Table of contents
Parts required to convert a road bike to disc brakes
Disc brake compatible frame and fork
This is the most costly part.
Disc brake calipers require a special pedestal to be installed, so a rim brake road bike frame or fork cannot be installed as is. You will need to get one that has a base for disc brakes.
Forks are not that expensive and can be replaced if you have the special tools. However, for the rear brake, the frame must be replaced.
There are disc adapters available that attach to the end of the frame, but they seem to have strength problems, so in principle, you need to replace the frame with a compatible one.
If you think about it, it may be more cost-effective to buy a cheaper complete disc brake road bike from the beginning.
Disc brake-specific wheels
Disc brakes require a disc called a disc rotor to be mounted on the wheel, so the wheel needs to be specially designed for disc brakes.
Disc brake-specific wheels are usually labeled “Disc” or “DB (Disc Brake)” in the product name, so when looking for a wheel, check there and also check if it fits your frame’s end width (OLD = Over-Locknut Dimension).
Also, while quick release is the mainstream for rim brake wheels, through-axle is now the mainstream for disc brake wheels.
Thru-axles have a male threaded shaft that screws into a female threaded shaft on the end side of the frame, so the frame side must also be compatible with thru-axles.
However, there are also adapters to convert through-axles to quick-release, so you can use those as well.
Special Brake Caliper for Disc Brakes
Disc brakes require a special brake caliper, which is completely different from a standard rim brake, because the brake is applied by sandwiching the disc.
Brake calipers for disc brakes are available from Shimano and Tektro. In terms of price, even the SORA-grade BR-R317 costs more than $40 on its own, which is slightly higher than the rim brake type.
The disc of the disc brake itself is called the disc rotor. Disc rotors are also available from Shimano and Tektro, with the cheapest ones costing less than $20 each and the most expensive DURA-ACE grade costing over $50 each. Since they are used front and rear, you need to have both front and rear.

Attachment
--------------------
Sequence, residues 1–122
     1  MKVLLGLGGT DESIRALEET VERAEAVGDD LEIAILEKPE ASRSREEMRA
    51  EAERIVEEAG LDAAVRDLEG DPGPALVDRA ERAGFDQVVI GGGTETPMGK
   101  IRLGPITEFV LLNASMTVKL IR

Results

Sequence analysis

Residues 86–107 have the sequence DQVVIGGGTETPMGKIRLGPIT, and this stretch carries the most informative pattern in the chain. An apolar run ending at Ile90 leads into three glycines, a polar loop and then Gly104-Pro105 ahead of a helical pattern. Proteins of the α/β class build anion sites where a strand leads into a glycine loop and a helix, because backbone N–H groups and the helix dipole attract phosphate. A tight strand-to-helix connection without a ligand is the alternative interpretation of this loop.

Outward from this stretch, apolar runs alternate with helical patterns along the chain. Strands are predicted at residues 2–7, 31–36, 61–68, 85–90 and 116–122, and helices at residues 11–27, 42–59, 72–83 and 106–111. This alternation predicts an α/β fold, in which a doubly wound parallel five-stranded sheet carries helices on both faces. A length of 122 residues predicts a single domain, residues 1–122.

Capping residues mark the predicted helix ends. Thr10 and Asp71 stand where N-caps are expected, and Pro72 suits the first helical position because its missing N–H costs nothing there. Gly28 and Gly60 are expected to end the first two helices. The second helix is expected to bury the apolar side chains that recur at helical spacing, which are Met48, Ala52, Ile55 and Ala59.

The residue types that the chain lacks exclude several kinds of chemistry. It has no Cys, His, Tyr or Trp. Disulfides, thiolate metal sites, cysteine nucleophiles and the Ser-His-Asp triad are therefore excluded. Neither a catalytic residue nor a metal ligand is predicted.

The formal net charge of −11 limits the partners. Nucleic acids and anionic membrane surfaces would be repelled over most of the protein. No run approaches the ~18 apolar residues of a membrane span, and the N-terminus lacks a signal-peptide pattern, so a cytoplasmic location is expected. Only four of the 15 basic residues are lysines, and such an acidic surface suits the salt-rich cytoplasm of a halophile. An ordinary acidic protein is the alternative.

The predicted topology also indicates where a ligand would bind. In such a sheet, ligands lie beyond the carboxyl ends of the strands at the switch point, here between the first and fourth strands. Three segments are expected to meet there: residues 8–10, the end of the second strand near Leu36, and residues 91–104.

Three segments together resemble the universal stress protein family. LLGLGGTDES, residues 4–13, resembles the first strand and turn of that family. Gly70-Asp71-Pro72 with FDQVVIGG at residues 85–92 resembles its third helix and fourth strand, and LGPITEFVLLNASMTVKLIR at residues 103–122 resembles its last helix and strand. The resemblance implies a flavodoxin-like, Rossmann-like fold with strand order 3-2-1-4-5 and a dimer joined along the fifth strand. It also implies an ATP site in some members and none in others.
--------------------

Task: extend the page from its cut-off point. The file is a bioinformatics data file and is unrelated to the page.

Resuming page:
Rotors are available from various companies, and depending on the wheel, there are “center lock” and “6-hole type” rotor locking systems. In the case of the center-lock type, special tools may be required, so be sure to check the installation method and required tools when purchasing the wheel.
Also, rotors come in different sizes, and the acceptable rotor size is determined by the brake. For example, for the BR-R317 mentioned above, the recommended rotor size is 160mm or 140mm.
Road Bike Disc Conversion and Summary of Checkpoints
Finally, let’s take a look at the parts required to convert a road bike to discs and a summary of checkpoints to choose from.
|Does the frame have a disc brake pedestal?
Does the OLD fit the wheel?
|Is there a disc brake pedestal on the fork?
Does the OLD fit the wheel?
|Wheels||Can the disc rotor be mounted?
Is it fixed with quick release or through axle?
Does it require special tools for installation?
Does the OLD fit the frame and wheel?
|Brake caliper||Select disc specific brake?|
|Brake caliper||Select a brake caliper that matches the allowable brake rotor size
Select a brake caliper that matches the wheel rotor mounting standard
It turns out to be a bigger hurdle than I thought. At the very least, it’s not as easy as “Let’s try a disk upgrade! This is certainly not a casual upgrade.
In particular, the frame and wheels are the most expensive parts of a road bike, so replacing these parts is almost like taking the bike apart. As I mentioned at the beginning of this article.
As I mentioned at the beginning, it may be cheaper to buy a complete disc road bike and transplant parts from your current bike rather than forcibly converting your existing bike to a disc bike, so make sure to calculate the total cost before you start.